COVID-19 vaccine rollout improving but 2 major issues remain

BOSTON — From Gillette to Fenway to Worcester State University, we are seeing more mass vaccination sites and more available appointments. 55,000 new appointments were made available Thursday. All of this is helping, but people on the COVID task force say there are still two major remaining issues: logistics and equity.

While Phase 2 of the rollout has begun, we are still seeing these long vaccination lines with little diversity.

“We are hoping that some of the mitigation strategies that are being put in place by the state and by the city with advocates leading the way can really address what we’re seeing as disturbing numbers of who gets the vaccine,” said Michael Curry, president and CEO at Massachusetts League of Community Health Centers. “That’s not all about hesitancy because I want to stress that there’s a lot of black and brown folks and immigrants that are ready willing and able to take the vaccine if they can get an appointment.”

The other issue that remains in the first week of Phase 2, having a system that supports the entire rollout effort.

“I’ll be very blunt. We have seen some issues with the software in order to sign up,” said Sean O’Brien, head of Barnstable County’s Department of Health and Environment. “Probably one of the first ones we realized, it has been difficult for our sites to be located on the map with the state, on the state’s site.”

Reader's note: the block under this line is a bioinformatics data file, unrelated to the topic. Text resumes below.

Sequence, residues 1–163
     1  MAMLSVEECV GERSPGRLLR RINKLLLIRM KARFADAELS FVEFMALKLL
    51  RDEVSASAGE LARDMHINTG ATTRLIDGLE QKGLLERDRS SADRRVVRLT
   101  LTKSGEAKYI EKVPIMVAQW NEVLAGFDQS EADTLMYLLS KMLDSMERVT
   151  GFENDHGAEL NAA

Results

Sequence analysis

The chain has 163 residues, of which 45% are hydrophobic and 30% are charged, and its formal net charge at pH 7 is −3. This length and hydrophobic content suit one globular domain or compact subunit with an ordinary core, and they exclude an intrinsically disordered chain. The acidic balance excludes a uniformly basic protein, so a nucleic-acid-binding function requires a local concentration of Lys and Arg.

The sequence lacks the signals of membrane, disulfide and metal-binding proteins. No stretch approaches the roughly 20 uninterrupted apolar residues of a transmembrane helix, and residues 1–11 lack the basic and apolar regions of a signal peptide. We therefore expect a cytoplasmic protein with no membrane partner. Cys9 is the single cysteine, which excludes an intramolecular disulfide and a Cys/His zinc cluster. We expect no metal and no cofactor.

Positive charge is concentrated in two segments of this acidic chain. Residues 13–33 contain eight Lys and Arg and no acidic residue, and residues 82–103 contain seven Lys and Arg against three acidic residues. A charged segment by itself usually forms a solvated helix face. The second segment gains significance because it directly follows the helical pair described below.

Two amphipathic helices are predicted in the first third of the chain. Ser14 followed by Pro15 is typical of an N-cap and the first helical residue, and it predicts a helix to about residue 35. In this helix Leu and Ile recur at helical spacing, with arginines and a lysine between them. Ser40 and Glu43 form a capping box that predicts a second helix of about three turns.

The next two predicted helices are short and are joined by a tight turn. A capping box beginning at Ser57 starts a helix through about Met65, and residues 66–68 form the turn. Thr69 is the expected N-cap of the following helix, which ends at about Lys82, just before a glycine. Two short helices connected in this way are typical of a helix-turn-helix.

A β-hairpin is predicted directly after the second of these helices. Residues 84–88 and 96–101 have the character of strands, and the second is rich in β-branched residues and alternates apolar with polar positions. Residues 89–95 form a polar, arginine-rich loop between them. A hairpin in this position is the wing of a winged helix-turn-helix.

Josh Obeiter works with seniors in many different communities and says most of them have been able to sign up.

“We did have one issue where one of our staff an older adult herself went to a vaccination site where she had a scheduled appointment and they had run out of vaccines for the day,” said Josh Obeiter, Seniors Helping Seniors owner. “She was told to come back the following morning, but it was a far drive for her with over an hour away. So she decided to look elsewhere.”

It’s easy to want to compare our vaccine rollout to other states, but the Massachusetts League of Community Health Centers says to be careful.

“Some started strong had great numbers in terms of how quickly they were vaccinating, but then we find out that they didn’t have any equity in their plan,” said Curry. “They just started mass vaccinating without an equity strategy. Other states started strong and then all of a sudden their systems crashed because they weren’t ready for the volume. So we need to be quick but also deliberate here in Massachusetts to make sure that we don’t end up at the end of this summer with mostly white folks that have been vaccinated.

Massachusetts League of Community Health Centers says some of the logistics issues are par for the course but will get better with time. As for equity, he says the goal is not about giving everyone equal access but giving increased access for communities that are most likely to be left behind.

Although the COVID case numbers right now seem to be getting better, Curry says if we don’t remain cautious and smart, especially with some talking about gathering for the Super Bowl, those decreasing numbers we are enjoying won’t last long.

“Those numbers will go up and down so be cautious in getting comfortable,” said Curry.

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